Simulation of 3D Point Rotation with Python and Pygame

In this tutorial I will show you how to build a simulation of 3D point rotation using Python and Pygame. I will begin by giving you a brief background on 3d computer graphics theory. It will help you understand the code that will be presented afterwards. I assume you have a basic knowledge of Pygame. If you are new to Pygame consider reading first the article A Fast Introduction to Pygame. The video below shows the simulation in action.

Background

To make 3D simulations, first of all, we must describe the objects in 3D space. The most common way of describing 3D objects is through the use of a 3D cartesian coordinate system. We will use the system shown in the figure below, where Y increases going up, X increases going right, and Z increases going into the screen. This is called a left handed system. An alternative system, is the right handed system where Z increases in the opposite direction.

Left-Handed 3D Cartesian System

Next, with points defined in 3D cartesian coordinate system, we can apply transformations such as translation, rotation, and scaling. Note that unlike 2D rotations that occur in one plane, rotations in 3D space occur along an arbitrary axis. Below I present the formulas for 3D rotation along the X, Y, and Z axes.

Rotation along X:
y' = y*cos(a) - z*sin(a)
z' = y*sin(a) + z*cos(a)
x' = x

Rotation along Y:
z' = z*cos(a) - x*sin(a)
x' = z*sin(a) + x*cos(a)
y' = y

Rotation along Z:
x' = x*cos(a) - y*sin(a)
y' = x*sin(a) + y*cos(a)
z' = z

When we are finished applying the transformations, we must draw the 3D object into the screen. But, since the screen is 2D we will have to convert the 3D coordinates to 2D coordinates. This operation is called 3D projection, and there are many ways of doing it. I will cover just the common one that is the perspective projection. Below I present the formula.

3D Perspective Projection
x' = x * fov / (z + viewer_distance) + half_screen_width
y' = -y * fov / (z + viewer_distance) + half_screen_height
z' -> for now, z is useless

In the formula, fov is a constant value that defines the “field of vision”. I like to use values between 128 and 256. view_distance is the distance from the object to the viewer.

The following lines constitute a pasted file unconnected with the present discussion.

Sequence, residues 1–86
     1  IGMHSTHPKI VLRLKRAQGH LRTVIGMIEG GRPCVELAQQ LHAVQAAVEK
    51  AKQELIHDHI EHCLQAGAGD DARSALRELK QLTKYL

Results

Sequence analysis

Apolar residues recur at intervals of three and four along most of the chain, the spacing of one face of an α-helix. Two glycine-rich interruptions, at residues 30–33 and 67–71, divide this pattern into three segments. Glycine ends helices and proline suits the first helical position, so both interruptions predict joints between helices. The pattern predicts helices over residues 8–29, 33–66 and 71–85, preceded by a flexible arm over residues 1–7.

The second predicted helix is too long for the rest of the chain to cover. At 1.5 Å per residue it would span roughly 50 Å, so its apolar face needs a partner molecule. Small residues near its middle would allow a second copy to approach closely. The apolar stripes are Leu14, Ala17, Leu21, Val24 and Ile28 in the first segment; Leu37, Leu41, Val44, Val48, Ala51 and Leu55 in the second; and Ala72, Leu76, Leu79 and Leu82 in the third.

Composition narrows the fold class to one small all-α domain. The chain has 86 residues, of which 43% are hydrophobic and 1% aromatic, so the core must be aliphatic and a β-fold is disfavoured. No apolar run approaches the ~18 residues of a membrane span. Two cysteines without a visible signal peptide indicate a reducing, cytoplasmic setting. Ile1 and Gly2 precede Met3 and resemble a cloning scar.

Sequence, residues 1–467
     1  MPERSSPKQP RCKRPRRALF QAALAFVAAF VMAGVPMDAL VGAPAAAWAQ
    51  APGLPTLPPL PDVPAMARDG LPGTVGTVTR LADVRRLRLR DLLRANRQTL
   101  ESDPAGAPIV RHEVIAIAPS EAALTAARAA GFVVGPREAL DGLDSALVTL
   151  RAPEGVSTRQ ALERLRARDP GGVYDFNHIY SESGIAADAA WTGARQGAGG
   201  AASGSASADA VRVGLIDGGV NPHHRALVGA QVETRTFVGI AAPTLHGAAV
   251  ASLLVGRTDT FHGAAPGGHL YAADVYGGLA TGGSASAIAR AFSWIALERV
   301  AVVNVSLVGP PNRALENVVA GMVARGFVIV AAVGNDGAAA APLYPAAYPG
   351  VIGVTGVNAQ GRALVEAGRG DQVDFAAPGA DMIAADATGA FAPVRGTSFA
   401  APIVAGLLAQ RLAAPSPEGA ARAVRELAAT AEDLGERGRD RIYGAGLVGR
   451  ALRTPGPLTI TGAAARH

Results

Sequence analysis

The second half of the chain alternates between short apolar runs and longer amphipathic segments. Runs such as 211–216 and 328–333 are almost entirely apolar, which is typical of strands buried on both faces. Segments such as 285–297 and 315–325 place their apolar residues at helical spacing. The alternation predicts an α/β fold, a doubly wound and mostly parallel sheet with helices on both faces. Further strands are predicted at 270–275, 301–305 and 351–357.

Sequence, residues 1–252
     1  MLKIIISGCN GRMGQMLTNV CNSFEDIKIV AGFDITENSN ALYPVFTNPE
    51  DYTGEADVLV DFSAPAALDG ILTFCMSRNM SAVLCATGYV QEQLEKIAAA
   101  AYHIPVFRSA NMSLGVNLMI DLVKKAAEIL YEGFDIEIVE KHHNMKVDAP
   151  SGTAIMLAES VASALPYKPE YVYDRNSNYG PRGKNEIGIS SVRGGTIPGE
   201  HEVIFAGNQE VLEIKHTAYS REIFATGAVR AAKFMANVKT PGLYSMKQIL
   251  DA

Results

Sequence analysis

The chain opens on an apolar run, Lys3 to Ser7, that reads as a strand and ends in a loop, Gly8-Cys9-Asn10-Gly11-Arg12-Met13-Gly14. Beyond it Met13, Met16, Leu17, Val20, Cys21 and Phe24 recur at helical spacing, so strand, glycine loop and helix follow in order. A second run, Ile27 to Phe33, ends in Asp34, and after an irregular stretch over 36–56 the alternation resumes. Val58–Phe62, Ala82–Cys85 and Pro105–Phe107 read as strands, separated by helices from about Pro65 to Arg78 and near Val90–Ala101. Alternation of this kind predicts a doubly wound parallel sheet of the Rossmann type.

With all the points converted to 2D space, we can finally draw the object using Pygame 2D drawing functions.

The Code

I present below the code to simulate the rotation of 8 points/vertices of a cube. To start with, let’s define the Point3D class to represent points in 3D space:

import sys, math, pygame

class Point3D:
    def __init__(self, x = 0, y = 0, z = 0):
        self.x, self.y, self.z = float(x), float(y), float(z)

    def rotateX(self, angle):
        """ Rotates the point around the X axis by the given angle in degrees. """
        rad = angle * math.pi / 180
        cosa = math.cos(rad)
        sina = math.sin(rad)
        y = self.y * cosa - self.z * sina
        z = self.y * sina + self.z * cosa
        return Point3D(self.x, y, z)

    def rotateY(self, angle):
        """ Rotates the point around the Y axis by the given angle in degrees. """
        rad = angle * math.pi / 180
        cosa = math.cos(rad)
        sina = math.sin(rad)
        z = self.z * cosa - self.x * sina
        x = self.z * sina + self.x * cosa
        return Point3D(x, self.y, z)

    def rotateZ(self, angle):
        """ Rotates the point around the Z axis by the given angle in degrees. """
        rad = angle * math.pi / 180
        cosa = math.cos(rad)
        sina = math.sin(rad)
        x = self.x * cosa - self.y * sina
        y = self.x * sina + self.y * cosa
        return Point3D(x, y, self.z)

    def project(self, win_width, win_height, fov, viewer_distance):
        """ Transforms this 3D point to 2D using a perspective projection. """
        factor = fov / (viewer_distance + self.z)
        x = self.x * factor + win_width / 2
        y = -self.y * factor + win_height / 2
        return Point3D(x, y, 1)

First,we have the constructor that initializes instances of the class. Next, we have methods to rotate a point around X, Y, and Z axes. These functions return the rotated point. Finally, we have the function that projects a point from 3D to 2D space.

Next, we define the Simulation class that will do the rest of the job:

class Simulation:
    def __init__(self, win_width = 640, win_height = 480):